Chester William Nimitz, Jr.
|Also Known As:||"Chet"|
|Cause of death:||suicide|
|Managed by:||Private User|
Historical records matching Rear Admiral Chester Nimitz, Jr. (USN)
About Rear Admiral Chester Nimitz, Jr. (USN)
Chester William "Chet" Nimitz, Jr. (17 February 1915-2 January 2002) was an American officer and submarine commander in the United States Navy (during World War II and the Korean War) and businessman. He distinguished himself on a number of occasions and was three times awarded the Silver Star for valor. He was the son of Fleet Admiral Chester W. Nimitz.
Nimitz was born to Chester William, Sr., and Catherine Vance (née Freeman) Nimitz at the Brooklyn Navy Yard Hospital in Brooklyn, New York, while the couple, with their daughter Catherine Vance "Kate" (born the year before), lived at 415 Washington Avenue, Brooklyn, and Nimitz, Sr., was working on the USS Maumee at the Brooklyn Navy Yard.
He attended the United States Naval Academy at Annapolis, Maryland, graduating with the class of 1936.
Nimitz married Joan Leona Labern at the Mare Island Naval Shipyard on 18 June 1938. She was born in León, Nicaragua in 1912 to British parents, William Oscar Stonewall and Frances Mary (née Wells) Labern. With her parents she returned to England at the outbreak of World War I in 1914, and was raised in England. Joan came to the United States in 1938 to study dentistry at the University of California Dental School in San Francisco, and met Chester at a cocktail party at Mare Island. She would make news in 1944 when she failed her test to become a United States citizen, two days later she did become a citizen of the U.S.
The couple would have three daughters, Frances Mary, Elizabeth Joan, and Sarah Catherine.
Commanded the USN Submarine USS Sturgeon during the Battle of Pearl Harbor
Commanded the USN Submarine USS Haddo and inflicted 14,756 tons of shipping damage to the Imperial Japanese Navy during the period of August 22, 1944-September 21, 1944
Chester Nimitz Jr. retired from the Navy as Rear Admiral in 1957. He joined Texas Instruments, and spent four years there. He later joined Perkin-Elmer Corporation, a manufacturer of scientific instruments based in Norwalk, Connecticut. He became president, chief-executive-officer (CEO) and a director in 1965, and was elected Chairman of the Board in 1969, serving until retirement in 1980.
He was an Honorary Trustee and Honorary Member of the Corporation of the Woods Hole Oceanographic Institution.
The health of Chester and his wife, Joan, had deteriorated in later years. Joan was blind, and Chester had lost 30 pounds due to a prolonged stomach disorder. He was also suffering from congestive heart failure.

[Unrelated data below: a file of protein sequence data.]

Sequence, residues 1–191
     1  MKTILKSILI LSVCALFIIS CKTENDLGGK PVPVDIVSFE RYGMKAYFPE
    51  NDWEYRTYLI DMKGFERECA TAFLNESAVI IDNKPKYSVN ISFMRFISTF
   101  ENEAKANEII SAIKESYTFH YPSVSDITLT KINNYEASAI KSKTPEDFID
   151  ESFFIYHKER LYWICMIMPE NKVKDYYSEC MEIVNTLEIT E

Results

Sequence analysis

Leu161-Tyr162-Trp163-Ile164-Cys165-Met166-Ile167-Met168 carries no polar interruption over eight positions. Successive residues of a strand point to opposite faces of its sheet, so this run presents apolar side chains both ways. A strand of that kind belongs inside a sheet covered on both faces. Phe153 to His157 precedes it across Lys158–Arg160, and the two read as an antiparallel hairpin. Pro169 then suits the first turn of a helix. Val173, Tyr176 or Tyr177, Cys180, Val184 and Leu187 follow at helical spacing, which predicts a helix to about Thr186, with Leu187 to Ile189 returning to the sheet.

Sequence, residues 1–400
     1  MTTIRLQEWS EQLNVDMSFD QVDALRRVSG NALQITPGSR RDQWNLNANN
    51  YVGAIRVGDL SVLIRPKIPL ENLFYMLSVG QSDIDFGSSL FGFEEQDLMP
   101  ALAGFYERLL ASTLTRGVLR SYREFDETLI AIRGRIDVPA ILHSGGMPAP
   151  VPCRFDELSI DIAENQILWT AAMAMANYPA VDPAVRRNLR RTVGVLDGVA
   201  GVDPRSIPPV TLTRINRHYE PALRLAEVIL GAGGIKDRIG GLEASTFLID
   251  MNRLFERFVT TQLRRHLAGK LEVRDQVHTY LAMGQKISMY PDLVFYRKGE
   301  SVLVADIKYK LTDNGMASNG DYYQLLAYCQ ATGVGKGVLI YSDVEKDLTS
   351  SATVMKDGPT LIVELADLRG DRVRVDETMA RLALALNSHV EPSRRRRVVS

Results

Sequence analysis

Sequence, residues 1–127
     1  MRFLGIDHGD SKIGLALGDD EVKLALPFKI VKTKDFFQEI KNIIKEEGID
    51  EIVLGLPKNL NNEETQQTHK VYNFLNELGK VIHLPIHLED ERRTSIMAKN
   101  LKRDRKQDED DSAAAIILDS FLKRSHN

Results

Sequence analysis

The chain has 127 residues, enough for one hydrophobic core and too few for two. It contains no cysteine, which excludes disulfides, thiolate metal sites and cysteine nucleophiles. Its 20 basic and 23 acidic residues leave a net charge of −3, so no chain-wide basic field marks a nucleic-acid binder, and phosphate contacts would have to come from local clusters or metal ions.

On 2 January 2002, Chester Nimitz Jr. committed suicide with his wife Joan by ingesting a quantity of sleeping pills in their home at a retirement residence in Needham, Massachusetts. He left a note stating:
Our decision was made over a considerable period of time and was not carried out in acute desperation. Nor is it the expression of a mental illness. We have consciously, rationally, deliberately and of our own free will taken measures to end our lives today because of the physical limitations on our quality of life placed upon us by age, failing vision, osteoporosis, back and painful orthopedic problems.
Chester and Joan are buried at Pleasant Hill Cemetery in Wellfleet, Massachusetts.
Silver Star with two gold stars
Navy Unit Commendation - USS Haddo (7th War Patrol)
Rear Admiral, US Navy and later, Chairman of the Board of Perkin-Elmer Corporation. His military awards include the Navy Cross, three Silver Stars, and the Bronze Star. Son of famous Fleet Admiral Chester W. Nimitz, he was born in Brooklyn, New York and graduated from the US Naval Academy in 1936. The only son of the Commander of the US Pacific Fleet during World War II. He made a name for himself in the US Navy during World War II and during the Korean War.
Stationed on the submarine USS Sturgeon when Pearl Harbor was attacked, he later became the Executive Officer of the submarine USS Bluefish. He earned the Navy Cross, three Silver Stars (for valor) and a Bronze Star, retiring from the US Navy in 1957.
From 1957 to 1961, he worked for Texas Instruments, then joined Perkin-Elmer Corporation, as general manager of their instrument division. In 1969, he was elected Chairman of the Board of Perkin-Elmer Corporation, finally retiring in 1980. He also served as director of Edo Corporation, the US Trust Company of New York, and the Atlantic Mutual Insurance Companies, and was a trustee of St. Lawrence University. He was also a Trustee and honorary member of the Corporation of Woods Hole Oceanographic Institution.
He and his wife, Joan Labern Nimitz, had three daughters: Frances, Elizabeth and Sarah. In failing health in his final years, he and his wife of 63 years took their own lives in an apparent suicide pact. (bio by: Kit and Morgan Benson)